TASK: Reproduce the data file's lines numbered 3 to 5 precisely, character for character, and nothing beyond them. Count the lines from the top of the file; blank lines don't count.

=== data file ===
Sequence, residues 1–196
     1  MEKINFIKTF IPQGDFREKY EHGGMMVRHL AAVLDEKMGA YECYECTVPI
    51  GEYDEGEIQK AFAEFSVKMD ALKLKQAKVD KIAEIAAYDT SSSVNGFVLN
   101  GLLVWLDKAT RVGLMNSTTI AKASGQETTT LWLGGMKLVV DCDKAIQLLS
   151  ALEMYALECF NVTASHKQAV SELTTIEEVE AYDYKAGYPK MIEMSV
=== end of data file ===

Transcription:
    51  GEYDEGEIQK AFAEFSVKMD ALKLKQAKVD KIAEIAAYDT SSSVNGFVLN
   101  GLLVWLDKAT RVGLMNSTTI AKASGQETTT LWLGGMKLVV DCDKAIQLLS
   151  ALEMYALECF NVTASHKQAV SELTTIEEVE AYDYKAGYPK MIEMSV